The Old, the New, and Andy Stanley

February 4, 2019 at 5:15 am Leave a comment


It’s not easy leading in a church.  And when a church has an average of almost 40,000 people a weekend in attendance, the challenges of leadership become utterly unique.  Yet, these are the challenges that Andy Stanley, pastor of North Point Ministries in Alpharetta, Georgia, is faced with on a day-to-day basis.  In this church are not only people who are firm in their faith, but people who are questioning faith or even people who have no faith at all – at least in Jesus.

Reaching people who are on the outskirts of faith is Andy Stanley’s passion and a big motivating factor behind why he wrote his latest book, Irresistible.  In it, he explains:

The decline of Christianity in America, the popularity of the New Atheists, and the meteoric rise of the nones underscore something that’s been true for generations but didn’t matter much until now.  Modern, mainstream Christianity is fatally flawed.  These flaws make it fragile and indefensible in the public square. (17)

Stanley’s desire is to make Christianity defensible and, as the title of his book declares, even irresistible to a modern’s ears.  It is a noble desire and one which he and I share.  Indeed, I have learned a lot from Stanley and have a great deal of respect for him and for all he has given the church-at-large.  I do, however, have some concerns with – and have received some questions about – his book.  His central claim, in his own words, is that:

…our current versions of the Christian faith need to be stripped of a variety of old covenant leftovers … We are dragging along a litany of old covenant concepts and assumptions that slow us down, divide us up, and confuse those standing on the outside peering in. (92)

In other words, out with the Old (Testament), and in with the New (Testament).

Stanley does not lack boldness in his proposal.  He claims:

The church fathers…immediately went to work harmonizing the old covenant with the new to make it play nice with the teachings of Jesus and the apostles.  The reinterpreted, allegorized, and rebranded them to make them line up with developing Christian thought and theology. (155)

The church fathers are certainly not infallible.  Some of their interpretative moves are questionable.  But to dismiss their collective wisdom on how the Old and New Testaments work together in favor of some long-lost insight you have just recently discovered strikes me as awfully dangerous.  Stanley goes on:

The church fathers’ primary interest in the Jewish Scriptures was neither historical nor cultural.  Their primary interest was Christological.  They were convinced the Jews did not recognize and thus accept Jesus as Messiah because they didn’t know how to interpret their own prophets.  No surprise, the church fathers had little interest in the interpretation of Jewish Scriptures.  So they went looking for Jesus.

And they found Him.

Everywhere.  (155)

This is true.  The church fathers did have a habit of finding Jesus under every rock.  Kind of like the apostle Paul:

The Israelites all ate the same spiritual food  and drank the same spiritual drink; for they drank from the spiritual rock that accompanied them, and that rock was Christ.  (1 Corinthians 10:3-4)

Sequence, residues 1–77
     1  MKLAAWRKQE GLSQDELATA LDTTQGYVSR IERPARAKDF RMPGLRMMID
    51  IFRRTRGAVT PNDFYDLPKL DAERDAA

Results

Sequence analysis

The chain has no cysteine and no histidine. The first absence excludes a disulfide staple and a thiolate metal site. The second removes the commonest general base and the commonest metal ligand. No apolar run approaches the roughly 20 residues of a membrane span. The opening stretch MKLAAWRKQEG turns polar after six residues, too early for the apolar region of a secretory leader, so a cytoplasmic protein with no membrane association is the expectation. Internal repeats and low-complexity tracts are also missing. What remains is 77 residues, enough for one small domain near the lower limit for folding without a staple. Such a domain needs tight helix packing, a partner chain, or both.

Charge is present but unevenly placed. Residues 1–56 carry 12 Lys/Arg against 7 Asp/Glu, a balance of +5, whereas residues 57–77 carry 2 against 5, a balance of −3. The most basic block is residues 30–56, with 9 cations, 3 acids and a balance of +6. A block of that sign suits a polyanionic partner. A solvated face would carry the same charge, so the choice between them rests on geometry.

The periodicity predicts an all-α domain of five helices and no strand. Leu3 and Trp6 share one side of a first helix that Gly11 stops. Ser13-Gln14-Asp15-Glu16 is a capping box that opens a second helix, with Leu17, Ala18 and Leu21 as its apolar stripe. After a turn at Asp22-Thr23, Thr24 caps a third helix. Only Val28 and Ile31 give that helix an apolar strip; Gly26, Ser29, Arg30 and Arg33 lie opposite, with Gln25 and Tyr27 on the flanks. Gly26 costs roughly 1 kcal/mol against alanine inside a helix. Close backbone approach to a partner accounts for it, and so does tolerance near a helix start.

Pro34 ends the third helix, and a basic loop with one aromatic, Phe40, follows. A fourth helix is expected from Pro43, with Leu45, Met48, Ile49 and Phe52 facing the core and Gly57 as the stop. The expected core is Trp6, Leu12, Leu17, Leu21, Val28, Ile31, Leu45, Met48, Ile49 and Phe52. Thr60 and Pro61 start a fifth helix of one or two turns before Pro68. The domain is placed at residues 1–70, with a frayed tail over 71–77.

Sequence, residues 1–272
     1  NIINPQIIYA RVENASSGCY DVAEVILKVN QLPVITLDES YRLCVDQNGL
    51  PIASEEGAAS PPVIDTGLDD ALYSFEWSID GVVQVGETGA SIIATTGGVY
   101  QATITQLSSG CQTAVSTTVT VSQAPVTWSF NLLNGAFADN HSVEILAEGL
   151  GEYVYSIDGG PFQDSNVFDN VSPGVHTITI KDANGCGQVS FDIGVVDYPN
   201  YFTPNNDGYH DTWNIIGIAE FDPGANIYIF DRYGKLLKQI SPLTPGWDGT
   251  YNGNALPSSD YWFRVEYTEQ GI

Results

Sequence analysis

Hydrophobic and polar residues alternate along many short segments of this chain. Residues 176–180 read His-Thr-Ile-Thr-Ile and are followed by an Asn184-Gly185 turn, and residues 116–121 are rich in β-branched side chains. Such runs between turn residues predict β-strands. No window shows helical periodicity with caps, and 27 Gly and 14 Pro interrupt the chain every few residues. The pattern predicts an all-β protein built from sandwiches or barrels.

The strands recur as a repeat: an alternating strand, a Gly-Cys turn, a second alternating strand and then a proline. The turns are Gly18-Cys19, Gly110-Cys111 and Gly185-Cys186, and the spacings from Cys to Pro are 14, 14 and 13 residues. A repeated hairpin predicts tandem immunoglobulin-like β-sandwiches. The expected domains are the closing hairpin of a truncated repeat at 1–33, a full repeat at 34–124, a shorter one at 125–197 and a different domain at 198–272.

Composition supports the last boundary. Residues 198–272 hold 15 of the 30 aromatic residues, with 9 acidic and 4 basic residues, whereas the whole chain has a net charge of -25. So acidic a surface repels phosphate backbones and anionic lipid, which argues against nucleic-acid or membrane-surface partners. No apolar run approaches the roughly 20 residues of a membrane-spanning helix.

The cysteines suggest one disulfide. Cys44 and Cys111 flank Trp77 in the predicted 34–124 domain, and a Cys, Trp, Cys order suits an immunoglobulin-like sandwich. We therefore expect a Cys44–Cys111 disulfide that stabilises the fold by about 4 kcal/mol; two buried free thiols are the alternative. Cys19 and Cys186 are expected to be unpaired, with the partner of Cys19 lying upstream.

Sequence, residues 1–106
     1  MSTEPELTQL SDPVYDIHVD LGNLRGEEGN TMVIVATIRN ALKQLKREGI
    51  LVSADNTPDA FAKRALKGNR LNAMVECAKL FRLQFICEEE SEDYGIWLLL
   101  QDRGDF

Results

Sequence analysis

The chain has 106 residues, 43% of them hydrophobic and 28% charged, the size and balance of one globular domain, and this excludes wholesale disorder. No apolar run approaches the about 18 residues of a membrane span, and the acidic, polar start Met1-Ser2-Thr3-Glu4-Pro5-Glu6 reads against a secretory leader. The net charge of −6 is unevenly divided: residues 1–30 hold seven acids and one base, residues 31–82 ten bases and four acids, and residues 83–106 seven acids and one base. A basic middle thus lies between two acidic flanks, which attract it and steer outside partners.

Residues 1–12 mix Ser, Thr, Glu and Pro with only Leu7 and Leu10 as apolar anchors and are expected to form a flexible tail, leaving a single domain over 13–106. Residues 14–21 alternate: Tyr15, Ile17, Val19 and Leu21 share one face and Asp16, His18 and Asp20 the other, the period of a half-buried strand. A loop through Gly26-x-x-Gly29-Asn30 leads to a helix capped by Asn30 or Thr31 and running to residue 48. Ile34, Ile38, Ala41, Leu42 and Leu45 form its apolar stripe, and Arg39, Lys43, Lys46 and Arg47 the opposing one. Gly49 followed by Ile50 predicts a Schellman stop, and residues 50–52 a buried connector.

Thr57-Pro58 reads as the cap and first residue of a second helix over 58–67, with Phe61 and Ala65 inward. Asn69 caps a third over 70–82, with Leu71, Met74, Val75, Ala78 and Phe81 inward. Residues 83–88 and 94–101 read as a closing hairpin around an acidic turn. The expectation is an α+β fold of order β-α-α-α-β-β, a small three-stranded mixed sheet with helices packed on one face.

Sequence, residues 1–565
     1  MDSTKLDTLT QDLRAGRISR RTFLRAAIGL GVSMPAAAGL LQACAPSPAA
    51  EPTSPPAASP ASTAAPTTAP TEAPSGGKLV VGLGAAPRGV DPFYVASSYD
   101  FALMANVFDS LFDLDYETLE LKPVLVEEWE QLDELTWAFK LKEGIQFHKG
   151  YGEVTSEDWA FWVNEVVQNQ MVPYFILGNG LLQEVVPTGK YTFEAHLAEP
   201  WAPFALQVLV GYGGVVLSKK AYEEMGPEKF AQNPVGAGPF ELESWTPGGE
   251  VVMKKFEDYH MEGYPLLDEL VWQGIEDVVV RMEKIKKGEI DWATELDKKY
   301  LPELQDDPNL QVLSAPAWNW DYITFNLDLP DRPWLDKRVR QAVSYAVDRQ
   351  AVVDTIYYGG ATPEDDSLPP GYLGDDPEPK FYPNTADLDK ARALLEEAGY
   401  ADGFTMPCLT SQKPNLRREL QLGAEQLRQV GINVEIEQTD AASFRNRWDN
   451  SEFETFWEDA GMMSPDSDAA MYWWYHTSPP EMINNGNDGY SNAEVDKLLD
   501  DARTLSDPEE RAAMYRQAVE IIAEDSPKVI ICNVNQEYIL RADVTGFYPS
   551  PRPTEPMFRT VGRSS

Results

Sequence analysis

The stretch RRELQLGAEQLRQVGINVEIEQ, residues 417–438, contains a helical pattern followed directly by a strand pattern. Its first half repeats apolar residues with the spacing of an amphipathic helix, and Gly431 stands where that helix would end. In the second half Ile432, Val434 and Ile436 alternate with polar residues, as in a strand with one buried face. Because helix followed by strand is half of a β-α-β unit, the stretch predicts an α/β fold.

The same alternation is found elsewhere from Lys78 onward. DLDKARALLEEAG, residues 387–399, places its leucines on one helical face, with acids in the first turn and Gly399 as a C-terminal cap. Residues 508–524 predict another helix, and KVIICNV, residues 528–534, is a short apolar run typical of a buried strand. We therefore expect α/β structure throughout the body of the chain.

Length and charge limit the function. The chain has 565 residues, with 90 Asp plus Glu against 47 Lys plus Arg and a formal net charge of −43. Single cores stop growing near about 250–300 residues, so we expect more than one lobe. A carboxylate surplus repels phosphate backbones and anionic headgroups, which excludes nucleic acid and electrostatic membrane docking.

Wait.  What?  Christ was with the Israelites in the desert as they wandered on their way to the Promised Land?  If you believe Paul, He was.  The church fathers were simply doing what Paul had already done.

It is also true that the church fathers thought the Jews did not know how to interpret their own Scriptures.  Kind of like Jesus:  “If you believed Moses, you would believe Me, for he wrote about Me” (John 5:46).  Maybe the church fathers were on to something.

Stanley makes other questionable claims about why we should unhitch our faith from the old covenant.  For instance, he argues that the Old Testament has no real concept of life after death:

If you asked an ancient Jew how one could know for sure they were going to heaven, they may have responded by asking you what made you think anybody went to heaven.  Most ancient Jews didn’t believe in an afterlife.  Why?  Their Scriptures didn’t assume one.  In the Old Testament, when people died, it was assumed they went to Sheol.  But Sheol wasn’t an actual place.  It was the term used to describe the realm of the dead. (165)

It seems as though Stanley may have conflated “going to heaven when you die” with any kind of an afterlife.  Just because ancient Jews didn’t necessarily believe in “going to heaven when you die” doesn’t mean they didn’t believe in an afterlife.  Many of them – indeed, most of them – believed in a resurrection from death after death, à la the prophet Daniel:

Multitudes who sleep in the dust of the earth will awake: some to everlasting life, others to shame and everlasting contempt.  (Daniel 12:2)

In fact, the resurrection was a major bone of contention between two religious groups in Jesus’ day:  the Pharisees, who did believe in a resurrection, and the Sadducees, who did not (cf. Acts 23:8).  So, I’m not sure how my promise of a resurrection from Jesus is better than the promise of a resurrection in Daniel.  They’re the same promise.  Probably because they were made by the same God.

Stanley spends a great deal of time arguing that Jesus, Paul, Peter, John, and others argued that it was time for the old covenant to go.  But is this really what they argued?

In His Sermon on the Mount, Jesus declares:

Do not think that I have come to abolish the Law or the Prophets; I have not come to abolish them but to fulfill them. For truly I tell you, until heaven and earth disappear, not the smallest letter, not the least stroke of a pen, will by any means disappear from the Law until everything is accomplished.  (Matthew 5:17-18)